MDS offers biosafety (sterility) testing of biologics, and Pharmacopeial Sterility of biologics and biopharmaceuticals following USP, JP, EP, ICH Section 21 of the Code of Federal Regulations (CFR), International and FDA Points to Consider (PTC) documents. The outline below represents existing regulations and current industry practice. Exceptions may exist depending on the product and process from which it was generated.
- Direct Inoculation <71>
- Membrane Filtration and Direct Transfer (USP <71>)
- Bacteriostasis/Fungistasis (B&F) CONTAMINATION (USP)
- USP Antibiotic Testing <20>
- Preservative Efficacy (USP <51>)
- Bioburden Determination <61>
- Environmental Testing and Package/Container Integrity Microbiology
- USP Microbial Limits Testing (USP <61>)
- Biological Indicator Survival/Kill Time Determination <55>
- Accelerated/Real-time Aging Incubation and Testing
- Cell Aging and Characterization of MCB
- Package/Container Integrity Microbiology
- Antimicrobial Effectiveness Testing <51>
Sterility Testing Methods
Direct Inoculation (Immersion)
In the Direct Inoculation (the immersion) method the test articles are inoculated directly into tubes or bottles that contain an appropriate medium and are incubated for a period of 14 days.
- The advantages of the direct inoculation method are: 1) provides a means of sterility testing for materials that cannot be easily filtered. 2) consumes less product volume during the conduct of the bacteriostasis and fungistasis (B&F) testing
- The disadvantage of this method is volume constraint. Also, inherently bacteriostatic or fungistatic components cannot be removed or adequately neutralized.
Membrane Filtration and Direct Transfer
The membrane filtration method requires the test article to first pass through a size exclusion membrane capable of retaining microorganisms. An appropriate amount of rinse fluid is then passed through the filter before transferring the membrane into the test medium. The pharmacopeias and 21 CFR 610.12 recommend using two media for both the immersion and membrane filtration methods. In both test methods the test article or membrane is incubated for 14 days in the test media. The majority of biological samples will be tested using the immersion method. However, for test articles with large volumes in which the entire contents must be tested or if there is a substance within the test article that is known or determined to be bacteriostatic or fungistatic (e.g., cell culture containing methotrexate), the membrane filtration method may be required.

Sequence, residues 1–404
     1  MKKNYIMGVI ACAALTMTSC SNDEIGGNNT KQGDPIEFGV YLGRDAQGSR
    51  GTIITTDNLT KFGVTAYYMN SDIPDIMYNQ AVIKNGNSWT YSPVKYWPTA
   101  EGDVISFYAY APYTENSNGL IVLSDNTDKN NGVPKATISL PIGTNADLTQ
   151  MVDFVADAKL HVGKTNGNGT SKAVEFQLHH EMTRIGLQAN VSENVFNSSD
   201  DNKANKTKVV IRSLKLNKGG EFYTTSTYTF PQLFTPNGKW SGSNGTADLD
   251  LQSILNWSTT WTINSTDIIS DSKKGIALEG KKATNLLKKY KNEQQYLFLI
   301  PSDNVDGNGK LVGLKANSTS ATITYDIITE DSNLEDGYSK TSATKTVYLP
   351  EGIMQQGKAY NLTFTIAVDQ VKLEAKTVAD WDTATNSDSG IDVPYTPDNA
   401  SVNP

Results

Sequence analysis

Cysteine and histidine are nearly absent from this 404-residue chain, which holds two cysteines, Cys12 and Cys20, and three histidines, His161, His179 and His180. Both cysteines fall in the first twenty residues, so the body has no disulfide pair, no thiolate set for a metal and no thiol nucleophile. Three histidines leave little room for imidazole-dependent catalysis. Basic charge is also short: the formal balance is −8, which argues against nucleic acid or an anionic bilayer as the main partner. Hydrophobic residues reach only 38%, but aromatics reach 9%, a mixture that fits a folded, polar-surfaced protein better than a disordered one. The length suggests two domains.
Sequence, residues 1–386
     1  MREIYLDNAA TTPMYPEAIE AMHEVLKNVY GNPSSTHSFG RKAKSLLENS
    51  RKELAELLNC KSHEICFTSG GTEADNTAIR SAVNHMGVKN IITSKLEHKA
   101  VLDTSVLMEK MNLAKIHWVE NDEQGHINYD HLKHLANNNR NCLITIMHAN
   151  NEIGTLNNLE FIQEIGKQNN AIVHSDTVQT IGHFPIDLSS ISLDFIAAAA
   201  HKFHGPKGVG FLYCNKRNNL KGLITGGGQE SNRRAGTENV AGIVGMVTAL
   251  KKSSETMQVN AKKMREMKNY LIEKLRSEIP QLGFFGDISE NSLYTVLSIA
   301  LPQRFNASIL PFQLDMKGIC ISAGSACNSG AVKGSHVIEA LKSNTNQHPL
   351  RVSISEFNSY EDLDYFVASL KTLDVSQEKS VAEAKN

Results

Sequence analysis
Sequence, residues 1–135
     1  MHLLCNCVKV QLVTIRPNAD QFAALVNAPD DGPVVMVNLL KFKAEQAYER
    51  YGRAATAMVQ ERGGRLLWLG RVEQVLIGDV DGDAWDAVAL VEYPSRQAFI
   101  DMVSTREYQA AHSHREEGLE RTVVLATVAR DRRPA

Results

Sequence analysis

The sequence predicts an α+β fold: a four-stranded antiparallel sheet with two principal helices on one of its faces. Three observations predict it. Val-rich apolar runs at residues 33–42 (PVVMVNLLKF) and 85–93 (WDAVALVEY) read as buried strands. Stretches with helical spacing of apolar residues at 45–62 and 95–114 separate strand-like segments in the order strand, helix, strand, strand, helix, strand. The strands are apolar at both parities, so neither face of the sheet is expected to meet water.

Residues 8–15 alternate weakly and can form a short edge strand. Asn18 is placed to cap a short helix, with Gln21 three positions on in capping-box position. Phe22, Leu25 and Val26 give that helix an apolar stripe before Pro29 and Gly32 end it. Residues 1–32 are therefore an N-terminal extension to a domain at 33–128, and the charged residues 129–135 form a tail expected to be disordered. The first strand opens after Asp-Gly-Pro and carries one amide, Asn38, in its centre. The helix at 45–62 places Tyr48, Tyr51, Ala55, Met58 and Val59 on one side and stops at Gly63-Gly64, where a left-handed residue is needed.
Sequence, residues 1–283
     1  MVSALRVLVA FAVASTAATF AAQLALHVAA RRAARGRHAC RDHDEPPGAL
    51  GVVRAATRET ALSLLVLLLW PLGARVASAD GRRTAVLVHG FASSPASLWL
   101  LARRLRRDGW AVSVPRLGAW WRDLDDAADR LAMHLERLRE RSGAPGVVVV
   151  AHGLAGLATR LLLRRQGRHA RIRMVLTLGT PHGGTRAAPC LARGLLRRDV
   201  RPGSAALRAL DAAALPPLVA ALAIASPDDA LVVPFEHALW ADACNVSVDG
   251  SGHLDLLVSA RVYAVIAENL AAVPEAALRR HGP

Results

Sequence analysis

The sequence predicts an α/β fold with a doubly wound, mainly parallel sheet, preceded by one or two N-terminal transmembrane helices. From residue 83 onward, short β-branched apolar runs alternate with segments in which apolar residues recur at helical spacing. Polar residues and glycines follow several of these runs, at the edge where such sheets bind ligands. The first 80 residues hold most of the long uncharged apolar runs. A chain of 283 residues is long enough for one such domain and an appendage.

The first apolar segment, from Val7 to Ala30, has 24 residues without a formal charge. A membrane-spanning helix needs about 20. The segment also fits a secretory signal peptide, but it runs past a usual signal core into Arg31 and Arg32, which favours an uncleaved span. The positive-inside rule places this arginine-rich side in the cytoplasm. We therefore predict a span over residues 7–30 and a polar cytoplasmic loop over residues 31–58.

- The advantage of the membrane filtration method is that: 1) can accommodate large volume samples (up to 500 ml); 2) if the test article contains substances that inhibit the growth of microorganisms, rinsing the filter membrane with a suitable rinse agent can remove all or most of these inhibitory substances
- The disadvantage of this method is that it can consume a large volume of final product during B&F testing, especially in the case of final container testing
MDS offers custom protocols for direct transfer method. Typically, the direct transfer method is used for solid dose forms, medical devices, ointments, and creams. For test articles produced by nonaseptic manufacturing processes, a bioburden (or microbial limits) assay should be performed.
Bacteriostasis/Fungistasis (B&F) contamination
This testing is commonly referred sterility test validation, qualification or verification. It is important to determine if the test article that will be tested for sterility contains elements that will interfere with the growth of microorganisms within the growth media used for the assay. In this test, low numbers of microorganisms are added to a media volume containing the test material to confirm that the test material does not interfere with the organism’s growth.
The B&F test is typically required only once for a given sample type, provided that no additional changes to the product, formulation or manufacturing process occurred. However, suitability testing could be
performed on a periodic basis to confirm that no significant changes have occurred to the product or process that may affect the sterility assay results.